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Online intermediaries are omnipresent. Each day across the globe, the corporations running these platforms execute policies and practices that serve their profit model, typically by sustaining user engagement. Sometimes, these seemingly banal business activities enable principal perpetrators to commit crimes. Online intermediaries, however, are almost never held to account for their complicity in the resulting harms. This Article introduces the concept of platform-enabled crimes into the legal literature to highlight the ways in which the ordinary business activities of online intermediaries enable the commission of crime. It then focuses on a subset of platform-enabled crimes—those in which a social media company has facilitated international crimes—to understand the accountability gap associated with them. Further, this Article begins the work of addressing the accountability deficit for platform-enabled crimes by adopting a survivor-centered methodology and using the complicity of Facebook (now Meta) in the Rohingya genocide in Myanmar as a case study. It advances a menu of options that survivors, prosecutors, and legislators could pursue in parallel, including amending domestic legislation, strengthening transnational cooperation between international and domestic prosecutors for criminal and civil corporate liability cases, and regulatory action. The Article concludes by acknowledging that no single body of law is equipped to respond to the advent of platform-enabled crimes. By pursuing a plurality of proactive options, however, we can make a vast improvement on the status quo.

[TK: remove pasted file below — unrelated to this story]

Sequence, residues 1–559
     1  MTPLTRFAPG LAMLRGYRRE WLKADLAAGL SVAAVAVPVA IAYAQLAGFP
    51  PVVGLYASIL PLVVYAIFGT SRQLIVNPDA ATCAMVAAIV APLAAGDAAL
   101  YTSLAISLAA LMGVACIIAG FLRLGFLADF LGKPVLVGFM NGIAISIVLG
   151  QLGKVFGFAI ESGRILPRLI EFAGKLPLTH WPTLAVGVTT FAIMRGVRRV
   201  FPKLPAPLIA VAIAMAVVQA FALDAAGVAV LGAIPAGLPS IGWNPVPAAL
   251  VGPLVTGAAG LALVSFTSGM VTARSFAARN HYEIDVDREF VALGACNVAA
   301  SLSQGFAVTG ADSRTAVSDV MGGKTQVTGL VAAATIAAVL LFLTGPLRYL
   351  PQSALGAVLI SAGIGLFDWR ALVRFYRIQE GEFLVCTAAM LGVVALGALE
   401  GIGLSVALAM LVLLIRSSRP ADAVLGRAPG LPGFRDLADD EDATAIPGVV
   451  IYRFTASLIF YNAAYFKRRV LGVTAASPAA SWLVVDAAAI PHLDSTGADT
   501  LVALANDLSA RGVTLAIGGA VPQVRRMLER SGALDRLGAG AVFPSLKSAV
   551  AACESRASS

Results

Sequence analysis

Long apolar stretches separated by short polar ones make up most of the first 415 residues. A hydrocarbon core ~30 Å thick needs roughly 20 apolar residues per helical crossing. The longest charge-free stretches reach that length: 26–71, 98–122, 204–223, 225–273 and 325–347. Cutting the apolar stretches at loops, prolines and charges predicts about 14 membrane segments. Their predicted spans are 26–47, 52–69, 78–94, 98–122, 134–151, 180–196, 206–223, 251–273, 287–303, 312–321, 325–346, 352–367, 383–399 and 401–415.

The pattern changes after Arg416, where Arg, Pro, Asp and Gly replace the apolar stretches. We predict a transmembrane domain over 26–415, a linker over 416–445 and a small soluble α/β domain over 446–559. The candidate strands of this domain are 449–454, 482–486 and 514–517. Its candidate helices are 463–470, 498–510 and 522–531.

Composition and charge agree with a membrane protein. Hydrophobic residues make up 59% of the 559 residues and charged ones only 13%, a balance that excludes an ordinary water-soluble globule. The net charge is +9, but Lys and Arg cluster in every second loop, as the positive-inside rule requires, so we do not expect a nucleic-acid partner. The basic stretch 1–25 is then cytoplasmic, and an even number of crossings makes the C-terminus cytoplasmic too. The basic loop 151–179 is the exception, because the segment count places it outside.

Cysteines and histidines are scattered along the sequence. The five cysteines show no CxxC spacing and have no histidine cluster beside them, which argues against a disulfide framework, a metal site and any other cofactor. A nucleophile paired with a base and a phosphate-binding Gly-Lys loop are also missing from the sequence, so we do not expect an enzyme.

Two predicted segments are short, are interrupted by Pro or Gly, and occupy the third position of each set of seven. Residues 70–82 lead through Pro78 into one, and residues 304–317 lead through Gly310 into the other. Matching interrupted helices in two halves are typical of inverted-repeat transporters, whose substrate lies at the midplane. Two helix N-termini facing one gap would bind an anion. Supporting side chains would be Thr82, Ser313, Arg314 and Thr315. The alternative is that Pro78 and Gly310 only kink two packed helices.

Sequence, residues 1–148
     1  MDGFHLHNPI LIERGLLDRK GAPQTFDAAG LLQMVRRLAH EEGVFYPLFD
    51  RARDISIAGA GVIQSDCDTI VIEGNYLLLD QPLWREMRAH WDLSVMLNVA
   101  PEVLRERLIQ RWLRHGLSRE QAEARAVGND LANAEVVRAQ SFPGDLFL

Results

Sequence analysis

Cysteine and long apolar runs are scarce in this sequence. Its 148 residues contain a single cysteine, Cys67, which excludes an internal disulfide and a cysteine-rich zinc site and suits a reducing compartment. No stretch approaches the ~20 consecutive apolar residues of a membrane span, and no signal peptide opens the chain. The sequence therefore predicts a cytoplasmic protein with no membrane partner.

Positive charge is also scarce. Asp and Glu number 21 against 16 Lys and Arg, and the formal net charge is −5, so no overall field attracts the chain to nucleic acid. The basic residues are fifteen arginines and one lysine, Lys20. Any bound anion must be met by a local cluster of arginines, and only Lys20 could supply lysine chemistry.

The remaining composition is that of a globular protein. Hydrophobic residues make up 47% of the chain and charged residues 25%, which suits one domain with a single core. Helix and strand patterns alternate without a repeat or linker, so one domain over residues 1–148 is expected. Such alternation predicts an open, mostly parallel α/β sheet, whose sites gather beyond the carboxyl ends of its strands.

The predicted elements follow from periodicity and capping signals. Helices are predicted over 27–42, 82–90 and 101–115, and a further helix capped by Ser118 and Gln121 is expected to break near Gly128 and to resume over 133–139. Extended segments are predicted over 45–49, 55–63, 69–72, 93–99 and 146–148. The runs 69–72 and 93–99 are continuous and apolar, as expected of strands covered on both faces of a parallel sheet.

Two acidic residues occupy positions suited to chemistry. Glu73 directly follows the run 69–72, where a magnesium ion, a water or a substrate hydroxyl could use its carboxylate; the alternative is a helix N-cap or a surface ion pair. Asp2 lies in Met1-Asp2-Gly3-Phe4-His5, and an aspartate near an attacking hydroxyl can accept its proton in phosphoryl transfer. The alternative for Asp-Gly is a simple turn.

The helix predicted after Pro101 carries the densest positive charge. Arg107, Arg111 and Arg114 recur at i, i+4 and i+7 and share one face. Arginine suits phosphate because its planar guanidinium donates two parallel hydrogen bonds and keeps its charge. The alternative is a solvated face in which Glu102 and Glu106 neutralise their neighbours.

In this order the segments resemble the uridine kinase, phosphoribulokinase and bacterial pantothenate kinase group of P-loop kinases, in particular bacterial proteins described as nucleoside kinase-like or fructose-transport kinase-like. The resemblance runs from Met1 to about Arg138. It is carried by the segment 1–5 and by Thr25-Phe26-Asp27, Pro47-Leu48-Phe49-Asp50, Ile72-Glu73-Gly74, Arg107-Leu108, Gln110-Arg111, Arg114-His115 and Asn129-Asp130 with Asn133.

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7 Sep 2022
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  • Subject
    • Business Organizations Law

    • Criminal Law

    • International Law

    • Internet Law

  • Journal title
    • Boston College Law Review

  • Volume
    • 63

  • Issue
    • 4

  • Pagination
    • 1349

  • Date submitted

    7 September 2022